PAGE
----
This book alternately shamed and appalled me. I was embarrassed to identify with the many educated, professional women who nonetheless are happy to relinquish any claim or interest in managing their own investments. At the same time, I was horrified by the many women (some of whom fall in the first category as well) who blithely go out and fritter money away on things they don't need at prices they can't afford. People, shoes shouldn't cost more than $20 ($25, maybe, but only if it's for your own wedding). Retail therapy can be useful in a pinch but is not an acceptable lifestyle choice. And for God's sake, don't be so proud of your kept-woman status.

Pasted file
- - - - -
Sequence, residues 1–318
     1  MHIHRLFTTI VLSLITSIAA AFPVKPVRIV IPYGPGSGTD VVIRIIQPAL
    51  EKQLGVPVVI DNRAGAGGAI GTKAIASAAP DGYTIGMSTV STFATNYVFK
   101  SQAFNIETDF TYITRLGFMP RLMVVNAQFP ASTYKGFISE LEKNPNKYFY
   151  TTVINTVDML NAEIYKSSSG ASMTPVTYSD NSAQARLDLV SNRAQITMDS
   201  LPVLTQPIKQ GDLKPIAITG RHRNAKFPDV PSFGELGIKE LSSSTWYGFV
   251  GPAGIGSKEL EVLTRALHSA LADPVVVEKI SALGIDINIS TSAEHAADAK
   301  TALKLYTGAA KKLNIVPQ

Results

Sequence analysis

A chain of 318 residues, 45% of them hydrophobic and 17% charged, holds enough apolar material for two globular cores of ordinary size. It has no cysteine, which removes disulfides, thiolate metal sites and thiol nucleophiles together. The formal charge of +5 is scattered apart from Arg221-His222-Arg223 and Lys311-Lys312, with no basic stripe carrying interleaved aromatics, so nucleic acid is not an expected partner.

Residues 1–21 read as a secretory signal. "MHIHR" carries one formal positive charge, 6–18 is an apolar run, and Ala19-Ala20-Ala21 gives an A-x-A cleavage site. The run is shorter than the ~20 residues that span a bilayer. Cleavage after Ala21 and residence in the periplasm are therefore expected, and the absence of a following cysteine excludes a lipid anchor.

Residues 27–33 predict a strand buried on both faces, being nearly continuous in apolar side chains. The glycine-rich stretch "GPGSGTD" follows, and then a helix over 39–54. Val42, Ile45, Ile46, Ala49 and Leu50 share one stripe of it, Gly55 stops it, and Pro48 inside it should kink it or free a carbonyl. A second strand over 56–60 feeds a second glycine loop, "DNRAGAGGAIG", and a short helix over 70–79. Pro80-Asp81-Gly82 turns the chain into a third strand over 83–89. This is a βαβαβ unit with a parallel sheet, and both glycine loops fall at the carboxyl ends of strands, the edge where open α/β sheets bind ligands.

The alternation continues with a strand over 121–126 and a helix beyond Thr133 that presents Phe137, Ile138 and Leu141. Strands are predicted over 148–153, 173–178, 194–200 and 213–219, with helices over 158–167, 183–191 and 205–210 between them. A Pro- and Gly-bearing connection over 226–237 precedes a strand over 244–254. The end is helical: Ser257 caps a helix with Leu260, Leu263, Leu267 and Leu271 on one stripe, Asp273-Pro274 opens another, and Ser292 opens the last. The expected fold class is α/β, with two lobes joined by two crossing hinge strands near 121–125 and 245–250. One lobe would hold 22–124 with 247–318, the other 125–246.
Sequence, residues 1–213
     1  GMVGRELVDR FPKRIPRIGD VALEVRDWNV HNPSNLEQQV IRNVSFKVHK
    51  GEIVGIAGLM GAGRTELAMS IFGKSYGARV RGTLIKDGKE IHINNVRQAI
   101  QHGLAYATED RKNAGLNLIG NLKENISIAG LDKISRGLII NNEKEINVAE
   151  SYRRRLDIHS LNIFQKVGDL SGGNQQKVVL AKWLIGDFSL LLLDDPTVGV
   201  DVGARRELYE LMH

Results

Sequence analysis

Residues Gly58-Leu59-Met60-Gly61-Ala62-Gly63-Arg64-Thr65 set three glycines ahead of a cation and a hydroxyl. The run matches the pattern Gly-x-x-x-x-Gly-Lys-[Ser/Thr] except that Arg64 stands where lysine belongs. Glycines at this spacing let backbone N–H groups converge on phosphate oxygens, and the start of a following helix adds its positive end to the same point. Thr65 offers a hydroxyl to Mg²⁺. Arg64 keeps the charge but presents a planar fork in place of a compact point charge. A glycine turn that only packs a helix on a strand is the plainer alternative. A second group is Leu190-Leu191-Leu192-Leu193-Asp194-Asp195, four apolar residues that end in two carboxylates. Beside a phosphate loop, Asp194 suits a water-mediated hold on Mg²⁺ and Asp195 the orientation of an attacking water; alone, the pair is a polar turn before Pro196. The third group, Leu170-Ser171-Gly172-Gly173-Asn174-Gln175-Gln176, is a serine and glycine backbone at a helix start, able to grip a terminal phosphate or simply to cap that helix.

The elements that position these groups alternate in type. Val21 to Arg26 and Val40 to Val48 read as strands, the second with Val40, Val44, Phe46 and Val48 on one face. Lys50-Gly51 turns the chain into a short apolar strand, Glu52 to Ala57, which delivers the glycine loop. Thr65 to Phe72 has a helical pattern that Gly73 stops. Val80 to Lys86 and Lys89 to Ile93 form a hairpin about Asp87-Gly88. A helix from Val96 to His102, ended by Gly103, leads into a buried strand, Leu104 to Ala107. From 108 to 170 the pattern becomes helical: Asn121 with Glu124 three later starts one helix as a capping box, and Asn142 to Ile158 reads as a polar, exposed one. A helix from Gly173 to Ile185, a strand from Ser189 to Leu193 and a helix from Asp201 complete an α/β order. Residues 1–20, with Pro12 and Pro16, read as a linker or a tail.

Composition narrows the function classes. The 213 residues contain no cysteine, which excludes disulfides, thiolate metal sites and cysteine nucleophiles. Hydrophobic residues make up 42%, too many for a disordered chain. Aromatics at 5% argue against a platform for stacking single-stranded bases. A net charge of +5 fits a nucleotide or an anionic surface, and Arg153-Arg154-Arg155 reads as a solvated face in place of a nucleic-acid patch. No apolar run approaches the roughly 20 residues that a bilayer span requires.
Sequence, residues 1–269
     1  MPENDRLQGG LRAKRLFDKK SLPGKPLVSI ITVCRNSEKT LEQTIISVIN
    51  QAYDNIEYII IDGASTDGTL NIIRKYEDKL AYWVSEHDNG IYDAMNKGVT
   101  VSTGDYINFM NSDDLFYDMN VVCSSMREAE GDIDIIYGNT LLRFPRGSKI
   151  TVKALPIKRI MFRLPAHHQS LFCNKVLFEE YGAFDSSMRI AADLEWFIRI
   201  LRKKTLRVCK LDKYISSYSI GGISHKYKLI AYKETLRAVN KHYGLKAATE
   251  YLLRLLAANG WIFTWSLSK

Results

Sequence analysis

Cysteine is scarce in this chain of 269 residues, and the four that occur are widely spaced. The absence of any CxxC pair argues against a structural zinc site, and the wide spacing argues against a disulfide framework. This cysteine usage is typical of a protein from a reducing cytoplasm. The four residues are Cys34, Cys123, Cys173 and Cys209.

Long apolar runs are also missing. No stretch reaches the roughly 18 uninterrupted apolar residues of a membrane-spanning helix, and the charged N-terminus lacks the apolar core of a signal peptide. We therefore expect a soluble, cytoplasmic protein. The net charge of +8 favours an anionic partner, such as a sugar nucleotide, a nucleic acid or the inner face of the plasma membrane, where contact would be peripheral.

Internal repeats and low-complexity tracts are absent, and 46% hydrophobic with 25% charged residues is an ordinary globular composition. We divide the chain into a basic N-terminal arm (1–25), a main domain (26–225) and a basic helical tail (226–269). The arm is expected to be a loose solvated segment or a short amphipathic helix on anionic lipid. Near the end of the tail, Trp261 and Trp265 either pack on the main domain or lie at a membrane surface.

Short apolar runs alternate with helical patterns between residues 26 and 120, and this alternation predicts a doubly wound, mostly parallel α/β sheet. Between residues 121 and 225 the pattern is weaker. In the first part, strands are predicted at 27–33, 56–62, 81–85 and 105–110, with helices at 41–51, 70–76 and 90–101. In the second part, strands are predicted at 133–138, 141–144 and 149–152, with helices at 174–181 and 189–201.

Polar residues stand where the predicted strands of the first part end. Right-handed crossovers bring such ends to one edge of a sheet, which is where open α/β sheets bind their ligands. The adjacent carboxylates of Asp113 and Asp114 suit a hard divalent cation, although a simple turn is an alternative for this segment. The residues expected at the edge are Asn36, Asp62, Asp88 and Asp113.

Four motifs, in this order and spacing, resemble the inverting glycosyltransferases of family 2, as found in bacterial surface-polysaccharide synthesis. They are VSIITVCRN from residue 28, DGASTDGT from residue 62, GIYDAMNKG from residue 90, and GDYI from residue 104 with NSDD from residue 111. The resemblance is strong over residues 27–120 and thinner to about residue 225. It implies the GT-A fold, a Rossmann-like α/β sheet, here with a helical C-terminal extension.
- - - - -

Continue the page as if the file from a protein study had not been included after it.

I didn't feel that I'd learned much by the end of the book, save that my intermittent twinges of guilt over not making my own trades in my 401(k) should be addressed, not ignored. Perle lays out the situation as she sees it, then basically steps back and expects the reader to figure it out.
Money, a Memoir: Women, Emotions, and Cash by Liz Perle. Holt, 2006, 288 pages.